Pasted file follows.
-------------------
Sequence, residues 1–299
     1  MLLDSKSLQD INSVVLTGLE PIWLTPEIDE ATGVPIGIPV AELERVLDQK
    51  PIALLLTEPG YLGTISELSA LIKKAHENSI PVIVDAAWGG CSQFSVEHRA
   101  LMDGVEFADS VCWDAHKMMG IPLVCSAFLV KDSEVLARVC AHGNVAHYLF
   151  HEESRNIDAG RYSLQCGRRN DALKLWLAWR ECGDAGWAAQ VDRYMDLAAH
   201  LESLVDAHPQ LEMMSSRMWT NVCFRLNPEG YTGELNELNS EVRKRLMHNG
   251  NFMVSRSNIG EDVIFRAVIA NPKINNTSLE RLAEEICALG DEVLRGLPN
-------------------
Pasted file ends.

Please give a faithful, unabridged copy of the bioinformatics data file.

Sequence, residues 1–299
     1  MLLDSKSLQD INSVVLTGLE PIWLTPEIDE ATGVPIGIPV AELERVLDQK
    51  PIALLLTEPG YLGTISELSA LIKKAHENSI PVIVDAAWGG CSQFSVEHRA
   101  LMDGVEFADS VCWDAHKMMG IPLVCSAFLV KDSEVLARVC AHGNVAHYLF
   151  HEESRNIDAG RYSLQCGRRN DALKLWLAWR ECGDAGWAAQ VDRYMDLAAH
   201  LESLVDAHPQ LEMMSSRMWT NVCFRLNPEG YTGELNELNS EVRKRLMHNG
   251  NFMVSRSNIG EDVIFRAVIA NPKINNTSLE RLAEEICALG DEVLRGLPN